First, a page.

Is the Cloud a Bubble?

We say "no" and so does Google, Amazon and others. We describe cloud computing as the future and are building tools to access data in the cloud (see Ray Ozzie in the MIX08 keynote). Collectively, there are lots and lots of data centers built and in progress to prove resolve in this arena.

The concept of hosting applications in the sky is as old as the first dot-com bubble (circa 1997-2000), when Application Service Providers made a valiant stand to build a business model to compete with self-hosted software. Besides lacking a reproducible way to do customizations and a tendency to over- or under-build their data centers, many of these companies didn’t have the financial legs to survive the customer learning curve; acquiring and retaining customers took time.

Most detrimentally, these companies lacked the trust that their cloud vision would allow their customers to regain control of their data in case of failure .. so the whole thing unraveled.

I was there, btw.

This model is significantly different. Data centers are owned by extremely well-funded entities, support both commodity and specific software components and allow the hosting of customer-generated code.

Today, Cloud Computing allows:

  • Fiscally-conscious VCs the ability to place a larger number of inexpensive bets, without having to deal with the cost and time associated with platform outlays. Further, if they hit a big one, scalability is built into the cloud by default, so no emergency (and time-consuming) build-outs.
  • Small development teams (or an individual) with vision and some coding expertise to host their dream in moments.
  • Businesses of all sizes to outsource commodity (and, for that matter, specialty) applications to reduce IT costs.

The world-flattening Web has leveled the playing field to a point where an online presence of the smallest quilt shop in the Midwest can compete with the Macy’s White Sale. Commodity components like shopping carts, electronic transactions and advanced product display / selection can be dropped into a project to monetize the owner’s vision.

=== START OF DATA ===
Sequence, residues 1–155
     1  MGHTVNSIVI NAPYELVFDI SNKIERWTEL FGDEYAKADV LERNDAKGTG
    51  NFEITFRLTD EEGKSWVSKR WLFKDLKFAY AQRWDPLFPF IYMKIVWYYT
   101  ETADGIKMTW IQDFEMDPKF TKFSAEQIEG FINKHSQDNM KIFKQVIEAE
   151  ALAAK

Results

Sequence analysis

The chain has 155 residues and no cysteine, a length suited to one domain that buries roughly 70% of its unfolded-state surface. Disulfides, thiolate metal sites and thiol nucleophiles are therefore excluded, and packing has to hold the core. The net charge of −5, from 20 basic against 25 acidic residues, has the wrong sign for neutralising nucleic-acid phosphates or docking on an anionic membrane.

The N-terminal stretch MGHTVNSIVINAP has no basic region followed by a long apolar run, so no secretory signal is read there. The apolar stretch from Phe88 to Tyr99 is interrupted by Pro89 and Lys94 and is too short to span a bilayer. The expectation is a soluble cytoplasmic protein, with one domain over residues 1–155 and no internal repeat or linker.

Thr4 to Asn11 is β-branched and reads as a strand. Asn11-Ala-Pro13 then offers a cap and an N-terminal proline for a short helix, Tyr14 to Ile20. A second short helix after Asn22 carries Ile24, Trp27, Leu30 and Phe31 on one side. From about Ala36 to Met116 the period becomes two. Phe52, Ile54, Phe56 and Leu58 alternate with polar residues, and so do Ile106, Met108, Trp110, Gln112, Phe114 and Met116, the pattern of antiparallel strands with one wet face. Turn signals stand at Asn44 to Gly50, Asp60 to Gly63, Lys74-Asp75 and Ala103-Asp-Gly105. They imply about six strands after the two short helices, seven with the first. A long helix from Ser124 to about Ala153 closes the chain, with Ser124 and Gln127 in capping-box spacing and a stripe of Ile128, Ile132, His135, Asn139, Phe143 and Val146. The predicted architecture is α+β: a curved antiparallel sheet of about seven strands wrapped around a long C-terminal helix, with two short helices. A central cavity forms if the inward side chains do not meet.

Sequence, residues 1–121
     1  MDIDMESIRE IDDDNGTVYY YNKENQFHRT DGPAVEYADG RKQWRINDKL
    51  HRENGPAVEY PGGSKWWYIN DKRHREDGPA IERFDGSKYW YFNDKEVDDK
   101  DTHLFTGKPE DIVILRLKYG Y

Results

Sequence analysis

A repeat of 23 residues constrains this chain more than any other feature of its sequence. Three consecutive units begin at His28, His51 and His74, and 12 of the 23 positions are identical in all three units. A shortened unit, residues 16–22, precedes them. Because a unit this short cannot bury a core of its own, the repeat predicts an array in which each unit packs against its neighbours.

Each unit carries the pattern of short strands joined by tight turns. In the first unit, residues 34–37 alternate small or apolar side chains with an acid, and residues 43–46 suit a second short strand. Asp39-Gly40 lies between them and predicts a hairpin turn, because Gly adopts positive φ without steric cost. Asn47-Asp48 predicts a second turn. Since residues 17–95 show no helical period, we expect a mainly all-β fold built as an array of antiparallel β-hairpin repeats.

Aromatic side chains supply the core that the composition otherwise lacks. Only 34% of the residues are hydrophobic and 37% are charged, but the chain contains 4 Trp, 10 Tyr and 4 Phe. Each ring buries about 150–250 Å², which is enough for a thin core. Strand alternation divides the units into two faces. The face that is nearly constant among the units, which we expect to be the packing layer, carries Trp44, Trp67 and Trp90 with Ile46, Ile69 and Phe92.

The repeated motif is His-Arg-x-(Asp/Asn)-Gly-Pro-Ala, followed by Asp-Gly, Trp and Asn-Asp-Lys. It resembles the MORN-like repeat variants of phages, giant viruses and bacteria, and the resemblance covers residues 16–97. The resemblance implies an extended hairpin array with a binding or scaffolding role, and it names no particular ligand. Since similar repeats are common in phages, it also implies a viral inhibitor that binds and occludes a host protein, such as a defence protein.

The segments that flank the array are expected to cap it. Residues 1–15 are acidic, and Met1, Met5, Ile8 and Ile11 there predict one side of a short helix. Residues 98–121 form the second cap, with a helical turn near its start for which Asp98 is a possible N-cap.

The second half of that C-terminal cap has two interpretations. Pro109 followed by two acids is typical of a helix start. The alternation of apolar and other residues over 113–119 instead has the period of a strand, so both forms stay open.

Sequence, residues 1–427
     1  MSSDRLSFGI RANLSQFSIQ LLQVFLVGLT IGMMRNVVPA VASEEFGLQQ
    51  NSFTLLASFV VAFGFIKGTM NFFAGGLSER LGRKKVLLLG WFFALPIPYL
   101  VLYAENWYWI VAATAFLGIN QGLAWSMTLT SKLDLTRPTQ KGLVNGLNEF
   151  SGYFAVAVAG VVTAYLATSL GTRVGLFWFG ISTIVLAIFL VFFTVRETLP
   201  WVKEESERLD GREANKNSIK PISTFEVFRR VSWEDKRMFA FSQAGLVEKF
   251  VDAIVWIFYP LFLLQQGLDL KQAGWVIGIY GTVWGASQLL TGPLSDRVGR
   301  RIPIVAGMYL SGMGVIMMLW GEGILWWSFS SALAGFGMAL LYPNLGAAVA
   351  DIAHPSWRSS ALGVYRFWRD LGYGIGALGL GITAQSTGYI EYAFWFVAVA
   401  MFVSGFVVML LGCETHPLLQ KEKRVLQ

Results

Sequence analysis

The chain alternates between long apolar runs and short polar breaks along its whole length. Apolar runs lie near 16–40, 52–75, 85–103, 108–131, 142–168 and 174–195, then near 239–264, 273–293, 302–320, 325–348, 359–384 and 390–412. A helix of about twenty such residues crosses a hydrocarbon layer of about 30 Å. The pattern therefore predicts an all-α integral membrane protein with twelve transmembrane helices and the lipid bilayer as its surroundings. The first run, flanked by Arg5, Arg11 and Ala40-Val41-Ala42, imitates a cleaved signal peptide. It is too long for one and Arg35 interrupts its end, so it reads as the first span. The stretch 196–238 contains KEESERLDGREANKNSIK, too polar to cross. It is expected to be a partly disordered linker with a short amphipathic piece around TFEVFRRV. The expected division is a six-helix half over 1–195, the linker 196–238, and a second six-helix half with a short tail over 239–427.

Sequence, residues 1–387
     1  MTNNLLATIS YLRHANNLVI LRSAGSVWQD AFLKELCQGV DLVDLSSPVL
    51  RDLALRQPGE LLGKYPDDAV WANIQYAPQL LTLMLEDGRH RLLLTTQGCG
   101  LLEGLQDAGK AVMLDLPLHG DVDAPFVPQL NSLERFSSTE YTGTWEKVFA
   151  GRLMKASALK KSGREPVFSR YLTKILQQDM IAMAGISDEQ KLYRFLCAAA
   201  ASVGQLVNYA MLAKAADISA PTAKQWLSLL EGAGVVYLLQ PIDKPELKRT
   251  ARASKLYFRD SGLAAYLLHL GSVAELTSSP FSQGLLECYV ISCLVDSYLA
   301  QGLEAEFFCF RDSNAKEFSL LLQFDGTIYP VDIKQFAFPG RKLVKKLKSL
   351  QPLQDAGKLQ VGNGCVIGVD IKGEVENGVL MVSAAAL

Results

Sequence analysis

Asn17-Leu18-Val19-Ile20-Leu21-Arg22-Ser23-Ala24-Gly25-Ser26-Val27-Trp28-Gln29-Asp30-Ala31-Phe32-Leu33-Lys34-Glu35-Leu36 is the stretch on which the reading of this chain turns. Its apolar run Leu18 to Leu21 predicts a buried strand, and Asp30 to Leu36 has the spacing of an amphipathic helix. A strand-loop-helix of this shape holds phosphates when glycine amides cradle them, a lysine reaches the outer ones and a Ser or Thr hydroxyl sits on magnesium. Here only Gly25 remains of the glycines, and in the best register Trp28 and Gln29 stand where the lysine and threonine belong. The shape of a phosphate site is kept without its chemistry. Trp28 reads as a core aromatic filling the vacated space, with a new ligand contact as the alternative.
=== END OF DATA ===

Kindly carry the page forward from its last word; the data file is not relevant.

Beyond monetization components, applications can be brought to life with a wide variety of real-world data: your location coupled with proximity to something you might want to buy, traffic or transit (you have to get there somehow) .. even knowing the weather can add value to an application.

All of this goodness is not restricted to the browser. The power of the client (mobile or PC-based) can be harnessed to access data stored in the Cloud, a fundamental basis for our Software Plus Services model. This model can deliver unparalleled user experiences across a variety of devices.

On the Cloud as a bubble; GigaOM disagrees in: "Bursting the Cloud Bubble: 5 Reasons It’s Not Just Hype".

About Michael Coates
I am a pragmatic evangelist. The products, services and solutions I write about fulfill real-world expectations and use cases. I stay up-to-date on real products I use and review, and share my thoughts here. I apply the same lens when designing an architecture, product or when writing papers. I am always looking for ways that technology can create or enhance a business opportunity .. not just technology for technology's sake. My CV says: Seasoned technology executive, leveraging years of experience with enterprise and integration architectural patterns, executed with healthy doses of business acumen and pragmatism. That's me. My web site says: Technology innovations provide a myriad of opportunities for businesses. That said, having the "latest and greatest" for its own sake isn't always a recipe for success. Business successes gained through exploiting innovation relies on analysis of how the new features will enhance your business followed by effective implementation. Goals vary far and wide: streamlining operations, improving customer experience, extending brand, and many more. In all cases, you must identify and collect the metrics you can apply to measure your success. Analysis must be holistic and balanced: business and operational needs must be considered when capitalizing on a new technology asset or opportunity.

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